• Stovetop – For best texture, reheat pilaf in a skillet over medium-low heat with a bit of broth or water to add moisture.
  • Oven – Bake frozen rice pilaf in aluminum pan covered with foil at 375°F until hot, about 30 minutes.

Check internal temperature with a food thermometer, reheating to above 165°F. If the rice seems dry, sprinkle in some water while reheating and stir to evenly distribute.

Consume reheated rice pilaf within 1-2 days for optimal flavor and texture. Rice that has been previously frozen tends to dry out quicker when reheated.

Tips for Freezing Rice Pilaf

Here are some additional tips to follow for freezing rice pilaf:

  • Use freshly made pilaf within 1-2 days of cooking for best results when freezing.
  • Undercook the rice very slightly before freezing. It will continue to cook from residual heat during freezing.
  • Use rice varieties higher in amylopectin like medium or short grain rice. These freeze better than long grain rices.
  • Add sauce or broth when reheating to restore moisture lost during freezing.
  • Avoid freezing rice pilaf more than one time. The texture deteriorates with each thaw.
  • If freezing pilaf with other ingredients like vegetables, partially undercook them before freezing to maintain texture.

Storing Leftover Thawed Rice Pilaf

Once thawed and reheated, leftover rice pilaf needs to be handled properly for food safety:

  • Allow to cool, then refrigerate within 2 hours of cooking.
  • Store in airtight shallow containers to allow for rapid cooling.
  • Use within 3-5 days for best quality and safety.
  • Reheat thoroughly until steaming hot, at least 165°F.
  • Do not re-freeze previously frozen and thawed rice or pilaf.

Follow the same food safety principles used for freshly cooked rice. If rice smells sour or is moldy, err on the safe side and throw away.

Alternative Grains to Use

Some good alternatives to use instead of rice that freeze a bit better include:

  • Quinoa – Cooks up light and fluffy with a nice crunch. Rinse before freezing to remove saponins.
  • Barley – Retains a pleasant chewy texture when frozen.
  • Farro or wheat berries – Heartier grains that hold up well to freezing.
  • Wild rice – Tends to maintain its texture and doesn’t get as mushy.

Follow the same tips when freezing these grains in pilaf recipes. They can be used as a substitute for rice in many pilaf dishes.

Best Rice Varieties for Freezing

If preparing a rice pilaf specifically for freezing, these types tend to freeze a bit better:

Rice Type Description
Medium grain Plumper grains stay moister when frozen. Good options: Arborio, Valencia, Calrose.
Short grain High amylopectin content helps grains freeze well. Good options: sushi rice, mochi rice.
Parboiled rice Partially cooked then dried. Better freezing results than raw rice.
Converted rice Steamed before milling. Less prone to moisture loss when frozen.

The plumper grain varieties like medium or short grain rice freeze with a less mushy texture compared to long grain rices.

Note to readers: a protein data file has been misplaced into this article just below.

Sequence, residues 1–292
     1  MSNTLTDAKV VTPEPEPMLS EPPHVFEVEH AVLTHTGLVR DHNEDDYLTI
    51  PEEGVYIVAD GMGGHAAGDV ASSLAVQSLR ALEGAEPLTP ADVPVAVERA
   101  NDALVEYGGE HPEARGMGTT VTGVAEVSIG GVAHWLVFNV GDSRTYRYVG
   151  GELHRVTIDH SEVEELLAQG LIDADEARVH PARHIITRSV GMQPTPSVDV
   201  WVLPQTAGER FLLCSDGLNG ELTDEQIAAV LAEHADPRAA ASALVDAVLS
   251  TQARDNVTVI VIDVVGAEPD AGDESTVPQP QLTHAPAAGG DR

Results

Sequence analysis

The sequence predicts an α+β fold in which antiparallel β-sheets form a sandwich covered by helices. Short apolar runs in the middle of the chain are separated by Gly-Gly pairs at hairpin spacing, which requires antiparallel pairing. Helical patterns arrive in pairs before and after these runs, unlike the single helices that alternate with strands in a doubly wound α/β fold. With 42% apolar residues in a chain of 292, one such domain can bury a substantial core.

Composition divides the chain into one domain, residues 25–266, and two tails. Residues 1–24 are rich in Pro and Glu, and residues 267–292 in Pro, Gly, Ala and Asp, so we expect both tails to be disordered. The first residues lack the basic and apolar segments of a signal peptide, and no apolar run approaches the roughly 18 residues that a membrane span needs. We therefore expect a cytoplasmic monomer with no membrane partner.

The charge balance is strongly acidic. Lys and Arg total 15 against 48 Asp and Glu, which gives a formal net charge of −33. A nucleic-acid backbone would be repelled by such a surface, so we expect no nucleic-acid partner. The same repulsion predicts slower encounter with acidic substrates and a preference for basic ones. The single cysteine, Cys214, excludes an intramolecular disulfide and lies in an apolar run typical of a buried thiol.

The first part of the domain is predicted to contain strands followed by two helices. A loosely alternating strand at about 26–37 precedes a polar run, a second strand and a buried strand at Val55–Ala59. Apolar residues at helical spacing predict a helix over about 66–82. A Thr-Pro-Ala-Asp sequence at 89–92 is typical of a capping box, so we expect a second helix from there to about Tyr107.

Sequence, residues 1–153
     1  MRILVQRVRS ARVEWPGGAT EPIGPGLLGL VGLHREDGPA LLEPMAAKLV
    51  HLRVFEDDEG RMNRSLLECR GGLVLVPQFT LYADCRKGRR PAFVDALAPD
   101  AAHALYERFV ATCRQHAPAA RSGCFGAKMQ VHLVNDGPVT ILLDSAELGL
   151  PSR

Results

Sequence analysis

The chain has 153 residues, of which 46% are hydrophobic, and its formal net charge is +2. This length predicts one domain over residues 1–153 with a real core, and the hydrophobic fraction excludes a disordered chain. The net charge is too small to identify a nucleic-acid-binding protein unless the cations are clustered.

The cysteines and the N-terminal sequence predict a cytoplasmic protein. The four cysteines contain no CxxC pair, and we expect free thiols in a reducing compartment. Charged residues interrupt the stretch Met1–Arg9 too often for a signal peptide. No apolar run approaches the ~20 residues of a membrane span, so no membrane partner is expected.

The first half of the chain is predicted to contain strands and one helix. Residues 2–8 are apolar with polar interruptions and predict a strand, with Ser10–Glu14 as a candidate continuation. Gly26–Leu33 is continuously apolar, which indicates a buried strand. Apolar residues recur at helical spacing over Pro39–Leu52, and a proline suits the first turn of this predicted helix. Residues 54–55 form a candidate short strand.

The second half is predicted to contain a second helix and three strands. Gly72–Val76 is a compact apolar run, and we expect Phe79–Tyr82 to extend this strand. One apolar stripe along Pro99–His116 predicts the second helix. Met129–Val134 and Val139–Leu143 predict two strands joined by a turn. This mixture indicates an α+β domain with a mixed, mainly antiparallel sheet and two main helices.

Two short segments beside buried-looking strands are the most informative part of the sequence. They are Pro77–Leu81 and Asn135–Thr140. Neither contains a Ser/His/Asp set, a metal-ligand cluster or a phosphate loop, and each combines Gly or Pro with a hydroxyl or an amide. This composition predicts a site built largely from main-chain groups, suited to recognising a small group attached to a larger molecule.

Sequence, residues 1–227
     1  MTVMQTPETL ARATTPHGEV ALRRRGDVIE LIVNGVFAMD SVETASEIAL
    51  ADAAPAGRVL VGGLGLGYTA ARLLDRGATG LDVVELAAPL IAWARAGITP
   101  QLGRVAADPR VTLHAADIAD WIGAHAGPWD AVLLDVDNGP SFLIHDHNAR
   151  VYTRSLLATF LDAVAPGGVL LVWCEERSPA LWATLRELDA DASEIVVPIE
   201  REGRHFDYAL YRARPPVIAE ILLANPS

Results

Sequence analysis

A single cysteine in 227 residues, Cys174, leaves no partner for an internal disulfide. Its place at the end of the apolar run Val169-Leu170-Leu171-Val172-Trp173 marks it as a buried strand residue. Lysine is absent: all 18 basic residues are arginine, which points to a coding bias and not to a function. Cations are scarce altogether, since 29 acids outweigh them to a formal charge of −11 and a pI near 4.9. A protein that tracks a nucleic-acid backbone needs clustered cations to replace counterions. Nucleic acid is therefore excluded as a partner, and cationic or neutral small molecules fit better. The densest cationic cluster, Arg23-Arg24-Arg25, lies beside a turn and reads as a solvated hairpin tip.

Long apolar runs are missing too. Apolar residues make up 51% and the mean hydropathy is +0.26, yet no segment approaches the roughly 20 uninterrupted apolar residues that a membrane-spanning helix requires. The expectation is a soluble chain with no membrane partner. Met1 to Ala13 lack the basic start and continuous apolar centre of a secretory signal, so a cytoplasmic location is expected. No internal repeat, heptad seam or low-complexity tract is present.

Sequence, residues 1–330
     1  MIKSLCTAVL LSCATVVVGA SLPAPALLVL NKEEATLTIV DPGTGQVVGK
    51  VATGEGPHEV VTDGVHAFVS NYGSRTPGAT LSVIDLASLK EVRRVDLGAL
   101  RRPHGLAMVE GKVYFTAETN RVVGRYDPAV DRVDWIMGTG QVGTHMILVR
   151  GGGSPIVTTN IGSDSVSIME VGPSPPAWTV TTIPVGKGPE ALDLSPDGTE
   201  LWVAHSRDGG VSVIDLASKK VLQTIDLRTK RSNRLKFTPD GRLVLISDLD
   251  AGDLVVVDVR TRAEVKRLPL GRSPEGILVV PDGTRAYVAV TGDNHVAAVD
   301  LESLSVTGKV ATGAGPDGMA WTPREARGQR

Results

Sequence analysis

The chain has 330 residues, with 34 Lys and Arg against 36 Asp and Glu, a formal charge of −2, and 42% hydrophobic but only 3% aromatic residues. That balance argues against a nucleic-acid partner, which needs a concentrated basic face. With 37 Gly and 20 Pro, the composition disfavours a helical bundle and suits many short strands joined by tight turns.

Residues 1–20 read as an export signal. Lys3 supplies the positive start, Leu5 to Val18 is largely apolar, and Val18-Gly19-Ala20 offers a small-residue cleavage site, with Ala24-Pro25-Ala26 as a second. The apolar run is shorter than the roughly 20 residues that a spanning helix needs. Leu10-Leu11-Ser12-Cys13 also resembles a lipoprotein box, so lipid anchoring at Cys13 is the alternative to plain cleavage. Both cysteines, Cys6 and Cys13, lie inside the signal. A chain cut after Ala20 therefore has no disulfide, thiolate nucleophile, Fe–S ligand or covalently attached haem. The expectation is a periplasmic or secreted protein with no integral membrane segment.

Can Uncooked Rice be Frozen?

While best practice is to freeze cooked rice pilaf, raw rice can also be frozen with some preparation:

  • Store rice in an airtight container or freezer bag.
  • Remove as much air from container as possible.
  • Freeze for up to 6 months.
  • Rinse rice when ready to use to remove excess starch.
  • Add about 1/4 cup water per cup of rice before cooking.
  • Cook frozen rice for about 1 minute longer than fresh.

The quality of the rice’s texture decreases over time in the freezer. Raw rice also takes up less space compared to cooked, making it more economical for storage purposes.

How Long Does Cooked Rice Pilaf Last in the Freezer?

Cooked rice pilaf that has been properly stored in air-tight packaging will generally stay fresh in the freezer for:

  • 2-3 months – Best quality with minimal impact on texture and flavor.
  • 4-6 months – Still safe to eat but rice will become more dry and grainy.
  • 12 months – Quality degraded considerably but product is still safe.

For optimal freshness and taste, use frozen rice pilaf within 3 months. Date containers so you can use the oldest ones first.

If freezing for longer storage, consider sources of quality degradation:

  • Freezer burn from air exposure
  • Moisture loss leading to dry, cracked rice
  • Chance of power outages or freezer failures
  • Absorption of freezer odors over time

Properly stored frozen rice pilaf retains good quality for everyday meals. But the fresher it is used, the better it will taste.


Rice pilaf can be frozen successfully for 3-4 months allowing you to enjoy it long after initial preparation. Allow cooked pilaf to cool completely before freezing in an airtight container. When ready to eat, defrost overnight in the refrigerator and reheat gently with added liquid to restore moisture and prevent drying out. While not an indefinite storage method, the convenience of being able to freeze rice pilaf can help save time in the kitchen later on. Following proper freezing and thawing methods makes it possible to enjoy quality rice pilaf from the freezer.